Christ confronts the clever of Athens

We’ll see that through Paul he proclaims: 

1.      The true view of God

2.      The true view of humanity

3.      The true view of the gospel call

Paul begins his defense at the Areopagus with an observation.  He wants to get the attention of his listeners so he begins with their world and what he sees in it.  Pastors often do that today in their sermons as well.  We want to make a connection with our listeners.  We want to draw them in.  We want them to understand that they have a vested interest in hearing what we have to say from the Word of God.

Paul’s observation is that the Athenians are a very religious people.  Paul chooses his words carefully.  He’s not quite flattering the Athenians, but he’s also not quite criticizing them.  His words are ambiguous enough to provoke curiosity at what he might say next.  He says that he was walking around the city and examined carefully the objects of worship.  Amongst them he found something rather interesting.  There was an altar that had an inscription upon it:  “to an unknown god.”  It’s worth noting that archaeology supports what we read in the Bible here.  Archaeologists have uncovered not just one Greek altar like this, but quite a few.  There’s no doubt that Paul saw such an altar in Athens. 

The Athenians had a multitude of gods.  But they acknowledged their ignorance by building these types of altars to an unknown god as well.  They wanted to cover their bases.  But the key thing here is the ignorance.  There is a God whom they do not know.  They recognize that and Paul seizes upon that fact to draw them in to what he’s about to say.   He is going to proclaim to them the true view of God.  The time of ignorance is over. 

As he stood in the midst of the Areopagus, Paul was faced with two prevailing theological errors.  Verse 18 mentions that amongst the Athenians were two groups of philosophers, the Epicureans and the Stoics.  Each of them had a theology and Paul was well-versed in their views.  The Epicureans believed that the gods were far off, distant, remote, and uninterested in human affairs.  In the Epicurean worldview, chance played a central role.  The Stoics went in the opposite direction.  They were essentially pantheists, believing that everything and everyone has a divine character.  In the Stoic worldview, fate was at the center.  If we use terms from Christian theology, the Epicureans went wrong in conceiving of the divine as exclusively transcendent, far beyond us.  The Stoics went wrong in conceiving of the divine as exclusively immanent, inside and among us, close to us.  But the key thing to realize is that both went wrong and Paul knows this and he addresses it.  Whether Epicurean or Stoic or whatever else, they have false gods and a false theology.  Paul brings them the true view of God from Scripture.  Since we can also have wrong views of God, even views along the same lines as the Epicureans or Stoics, it’s good for us also to listen and be challenged by Paul as he proclaims what the Bible says.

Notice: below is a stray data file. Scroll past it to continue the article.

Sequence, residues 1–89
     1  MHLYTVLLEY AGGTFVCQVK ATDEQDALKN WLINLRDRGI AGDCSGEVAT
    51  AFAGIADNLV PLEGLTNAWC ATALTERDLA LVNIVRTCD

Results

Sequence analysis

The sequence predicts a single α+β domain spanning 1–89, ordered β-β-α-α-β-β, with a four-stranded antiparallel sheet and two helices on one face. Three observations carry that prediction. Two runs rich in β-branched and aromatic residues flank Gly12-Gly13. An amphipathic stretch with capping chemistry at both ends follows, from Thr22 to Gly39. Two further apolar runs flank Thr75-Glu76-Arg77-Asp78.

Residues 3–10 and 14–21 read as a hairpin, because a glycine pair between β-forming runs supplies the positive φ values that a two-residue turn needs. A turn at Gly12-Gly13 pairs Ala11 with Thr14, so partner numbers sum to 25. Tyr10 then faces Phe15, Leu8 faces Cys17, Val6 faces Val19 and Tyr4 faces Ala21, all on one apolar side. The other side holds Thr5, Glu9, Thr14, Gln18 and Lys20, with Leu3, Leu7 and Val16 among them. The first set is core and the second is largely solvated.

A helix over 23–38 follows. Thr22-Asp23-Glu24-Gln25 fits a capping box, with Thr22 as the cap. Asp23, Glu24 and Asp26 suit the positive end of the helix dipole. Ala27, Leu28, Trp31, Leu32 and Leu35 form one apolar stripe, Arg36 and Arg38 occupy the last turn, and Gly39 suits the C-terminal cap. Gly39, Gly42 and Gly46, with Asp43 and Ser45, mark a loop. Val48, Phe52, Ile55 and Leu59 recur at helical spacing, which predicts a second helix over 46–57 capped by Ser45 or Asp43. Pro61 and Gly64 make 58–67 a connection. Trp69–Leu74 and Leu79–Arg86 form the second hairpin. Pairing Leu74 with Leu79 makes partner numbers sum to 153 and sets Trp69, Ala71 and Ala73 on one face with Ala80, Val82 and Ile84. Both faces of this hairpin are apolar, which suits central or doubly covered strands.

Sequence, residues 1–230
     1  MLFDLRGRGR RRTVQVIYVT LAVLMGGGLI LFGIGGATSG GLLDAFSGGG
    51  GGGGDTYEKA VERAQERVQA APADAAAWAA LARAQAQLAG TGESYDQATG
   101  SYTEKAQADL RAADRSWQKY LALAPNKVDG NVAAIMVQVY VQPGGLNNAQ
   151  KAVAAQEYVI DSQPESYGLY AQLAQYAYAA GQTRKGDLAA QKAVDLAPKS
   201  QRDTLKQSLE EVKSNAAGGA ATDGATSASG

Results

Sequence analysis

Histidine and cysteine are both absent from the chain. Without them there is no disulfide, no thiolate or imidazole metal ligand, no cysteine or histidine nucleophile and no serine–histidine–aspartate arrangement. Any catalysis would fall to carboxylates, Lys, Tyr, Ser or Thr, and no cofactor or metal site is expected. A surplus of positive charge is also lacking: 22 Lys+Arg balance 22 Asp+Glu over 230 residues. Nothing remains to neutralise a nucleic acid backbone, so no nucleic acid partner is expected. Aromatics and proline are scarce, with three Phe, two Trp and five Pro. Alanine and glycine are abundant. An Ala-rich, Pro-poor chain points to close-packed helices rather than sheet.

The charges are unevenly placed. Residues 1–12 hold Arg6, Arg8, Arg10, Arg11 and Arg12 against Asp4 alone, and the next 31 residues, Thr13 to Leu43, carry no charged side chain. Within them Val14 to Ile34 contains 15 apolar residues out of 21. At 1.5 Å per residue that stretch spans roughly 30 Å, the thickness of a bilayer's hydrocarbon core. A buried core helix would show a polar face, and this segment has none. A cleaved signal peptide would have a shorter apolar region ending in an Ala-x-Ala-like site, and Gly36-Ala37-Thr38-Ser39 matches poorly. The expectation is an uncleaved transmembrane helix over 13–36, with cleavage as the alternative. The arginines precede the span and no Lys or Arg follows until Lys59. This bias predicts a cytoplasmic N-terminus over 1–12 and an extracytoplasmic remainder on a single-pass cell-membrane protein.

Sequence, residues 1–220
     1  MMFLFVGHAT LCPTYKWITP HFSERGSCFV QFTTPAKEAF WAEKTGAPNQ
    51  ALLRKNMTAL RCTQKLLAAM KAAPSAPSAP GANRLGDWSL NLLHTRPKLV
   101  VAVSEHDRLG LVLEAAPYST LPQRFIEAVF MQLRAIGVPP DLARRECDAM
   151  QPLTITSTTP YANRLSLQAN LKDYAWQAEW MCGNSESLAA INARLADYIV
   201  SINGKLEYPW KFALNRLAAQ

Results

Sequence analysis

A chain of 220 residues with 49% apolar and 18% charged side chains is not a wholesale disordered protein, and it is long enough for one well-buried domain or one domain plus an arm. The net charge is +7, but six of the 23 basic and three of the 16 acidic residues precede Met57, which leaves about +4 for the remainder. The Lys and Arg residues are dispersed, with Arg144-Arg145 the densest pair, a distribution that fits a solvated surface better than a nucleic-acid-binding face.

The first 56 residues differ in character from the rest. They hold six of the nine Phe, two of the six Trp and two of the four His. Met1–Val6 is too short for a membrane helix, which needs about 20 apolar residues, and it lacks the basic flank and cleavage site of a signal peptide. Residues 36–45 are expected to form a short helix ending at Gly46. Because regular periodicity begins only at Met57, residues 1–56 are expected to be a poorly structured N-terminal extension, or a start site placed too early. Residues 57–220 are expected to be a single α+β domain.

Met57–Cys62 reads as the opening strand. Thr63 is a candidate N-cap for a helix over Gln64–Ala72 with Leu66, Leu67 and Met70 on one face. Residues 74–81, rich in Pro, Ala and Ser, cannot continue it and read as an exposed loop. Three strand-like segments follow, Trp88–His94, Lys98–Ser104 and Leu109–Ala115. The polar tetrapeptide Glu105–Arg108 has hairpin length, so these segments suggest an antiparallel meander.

Now he doesn’t mention the Bible in his speech.  You’ll notice that he doesn’t say that he’s quoting from this Bible passage or that Bible passage.  But he is directly presenting biblical concepts and contrasting what the Bible reveals with the wrong beliefs of his listeners.  For the apostle Paul, the foundation of his message is what the Bible says.  His ultimate starting point is what is revealed in the inspired Word of God.  This is the way it has to be for us as well whenever we defend our faith or challenge unbelief.  I mentioned 1 Peter 3:15 a few minutes ago.  That verse begins by saying that Christians are to “set apart Christ as Lord.”  In giving an account of what we believe and why, we can’t pretend to be neutral and objective.  Christ must be Lord.  He must be the master and ruler here too.  His Word must stand supreme.  That’s the way it was with the apostle Paul as he stood before the Areopagus. 

From the Scriptures Paul proclaimed the true view of God in five distinct ways.  First, he proclaimed God as the Creator of the universe.  Verse 24 says that it was God who made the world and everything in it.  Because he is the Creator, he is the owner, he is the Lord and master, he stands over it all.  This is the view of God that we find in the first chapters of Genesis.  This is the view of God that we find in Psalm 100 and elsewhere in Scripture.  Because he stands over all, he is not going to be limited by his creatures.  The Greeks had their gods and they housed some of them.  They put limits around their gods.  In some ways, they stood over their gods.  But the true God is the Creator.  The true God is sovereign.  The true God will not be dominated by his creatures.

Paul then proclaimed the true God as the Sustainer of life.  He gives all men life and breath and everything.  In Psalm 104, we find a poetic statement of these truths.  The whole creation is dependent upon Yahweh, the true God.  Paul is simply proclaiming that basic biblical truth.  He’s contrasting it with views found among the Greeks.  The Greeks thought that the gods needed human beings in order to exist.  The gods depended on men.  On the contrary, the Bible teaches that it is quite the other way around.  We are dependent on God, not he on us.  Moreover, Paul was also challenging the Epicurean view of God as distant and removed.  Yes, the Bible tells us that God is majestic and exalted, but he is still intimately involved with his creation.  He actively sustains all life on this planet, including all human life.